Rhode Island’s new education commissioner, Ken Wagner, has some ideas worth considering, as Linda Borg reports in today’s Providence Journal. Time will tell how much of it is just sparkly talk from a guy who is neither a former teacher nor a parent. The initial points, however, do leave me a little concerned that he won’t pursue reforms with an eye toward their effects on incentives and rights.
The notion that principals should be empowered, for instance, sounds wonderful:
One of Wagner’s most dramatic suggestions calls for investing principals with the power to hire their own staff, manage their budgets, even set the length of the school day. Historically, the state Department of Education or the school superintendent have dictated everything from curriculum to the length of the school day.
Wagner said, “School is where the magic happens. Ken Wagner can’t create a culture of innovation and improvement, nor can the superintendent. That culture can only be created by a principal but not alone. The principal needs to be surrounded by a leadership culture” of committed teachers.
The tricky part will be in establishing accountability. Yes, principals are more directly knowledgeable of and accessible to their students and teachers, but insulating them from the influence of the superintendent and school committee insulates them from direct accountability to anybody. And if principals set their own budgets, what happens if local voters or the municipal government does not provide the district with everything it requests? The details of budget control will be very important.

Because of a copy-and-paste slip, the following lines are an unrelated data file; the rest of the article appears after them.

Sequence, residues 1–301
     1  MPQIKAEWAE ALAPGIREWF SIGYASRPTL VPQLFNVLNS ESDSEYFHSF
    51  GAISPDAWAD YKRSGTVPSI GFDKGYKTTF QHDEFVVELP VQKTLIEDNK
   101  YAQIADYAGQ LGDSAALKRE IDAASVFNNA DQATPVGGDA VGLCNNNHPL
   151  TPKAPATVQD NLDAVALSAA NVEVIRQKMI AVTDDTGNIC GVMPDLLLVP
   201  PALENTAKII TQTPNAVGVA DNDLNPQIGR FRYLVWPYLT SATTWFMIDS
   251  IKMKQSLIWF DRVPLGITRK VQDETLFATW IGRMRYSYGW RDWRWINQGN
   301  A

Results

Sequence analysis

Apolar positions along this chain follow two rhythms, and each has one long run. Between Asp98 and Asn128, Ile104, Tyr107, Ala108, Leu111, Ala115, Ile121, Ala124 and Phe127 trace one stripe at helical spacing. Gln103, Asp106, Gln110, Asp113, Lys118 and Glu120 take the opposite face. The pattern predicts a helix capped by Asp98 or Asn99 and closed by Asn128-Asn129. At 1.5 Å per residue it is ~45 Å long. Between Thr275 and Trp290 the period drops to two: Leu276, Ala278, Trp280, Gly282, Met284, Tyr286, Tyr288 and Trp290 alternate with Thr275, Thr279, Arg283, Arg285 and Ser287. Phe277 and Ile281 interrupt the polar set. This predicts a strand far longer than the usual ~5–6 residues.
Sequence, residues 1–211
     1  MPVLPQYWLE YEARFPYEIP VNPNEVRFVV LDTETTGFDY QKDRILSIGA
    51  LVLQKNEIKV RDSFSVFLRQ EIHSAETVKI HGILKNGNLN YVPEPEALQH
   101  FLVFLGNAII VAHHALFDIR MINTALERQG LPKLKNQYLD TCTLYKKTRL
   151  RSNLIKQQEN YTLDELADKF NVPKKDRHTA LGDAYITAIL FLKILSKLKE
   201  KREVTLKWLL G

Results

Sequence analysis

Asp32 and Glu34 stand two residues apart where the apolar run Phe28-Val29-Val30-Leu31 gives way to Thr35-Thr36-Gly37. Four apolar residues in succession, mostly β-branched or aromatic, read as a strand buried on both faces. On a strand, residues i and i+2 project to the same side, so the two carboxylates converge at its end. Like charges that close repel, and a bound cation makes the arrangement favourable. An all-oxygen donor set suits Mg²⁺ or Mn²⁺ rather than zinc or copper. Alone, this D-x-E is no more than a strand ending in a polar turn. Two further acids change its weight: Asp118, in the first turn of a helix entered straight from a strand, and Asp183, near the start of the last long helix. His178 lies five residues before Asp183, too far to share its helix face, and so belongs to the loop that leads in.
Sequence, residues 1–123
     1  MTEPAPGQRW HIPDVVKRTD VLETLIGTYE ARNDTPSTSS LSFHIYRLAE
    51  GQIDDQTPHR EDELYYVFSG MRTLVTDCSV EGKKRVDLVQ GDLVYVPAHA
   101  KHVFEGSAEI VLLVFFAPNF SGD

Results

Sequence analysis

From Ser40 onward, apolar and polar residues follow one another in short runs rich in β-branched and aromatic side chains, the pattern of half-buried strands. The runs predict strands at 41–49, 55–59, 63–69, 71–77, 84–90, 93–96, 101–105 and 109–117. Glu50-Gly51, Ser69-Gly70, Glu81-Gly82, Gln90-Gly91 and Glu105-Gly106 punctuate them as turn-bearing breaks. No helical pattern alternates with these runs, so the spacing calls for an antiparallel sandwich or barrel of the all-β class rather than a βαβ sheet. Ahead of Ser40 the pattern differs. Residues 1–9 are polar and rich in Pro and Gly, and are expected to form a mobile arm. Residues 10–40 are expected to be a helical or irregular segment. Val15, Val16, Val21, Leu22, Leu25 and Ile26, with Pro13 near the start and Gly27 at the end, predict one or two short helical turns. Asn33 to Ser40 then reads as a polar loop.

Another of Wagner’s larger suggestions might seem to provide some answer on the accountability front:
Wagner’s most unorthodox proposal involves giving parents the opportunity to send their children to another school district. He cited the constant movement of students back and forth between Providence and Pawtucket and Central Falls.
“We’ve created this burden by making them go to school where they live,” he said. “If a school has extra seats, why not open the door and allow people to come in?”
This idea, called “open enrollment,” was actually part of the Bright Today legislation on which the RI Center for Freedom & Prosperity worked, last year, and it would likely increase accountability among public schools, including for principals. A principal whose school began emptying out would have a lot to answer for, while the reverse would be a spotlight on merit. But if a bad principal is insulated from superiors, it isn’t clear how much the pressure would actually increase. Once again, the details are going to be important; Rhode Island government tends to try to hold everybody harmless, which reverses incentives.
Lastly, Wagner’s idea that 90% of Rhode Island students should be accessing advanced courses could set a metric that actually harms students. If only 20-35% of students reach the point of taking advanced classes before graduation, that’s fine. Education should be about achieving individual potential and finding personal direction, not pretending everybody is advanced or needs to reach levels of highly technical learning.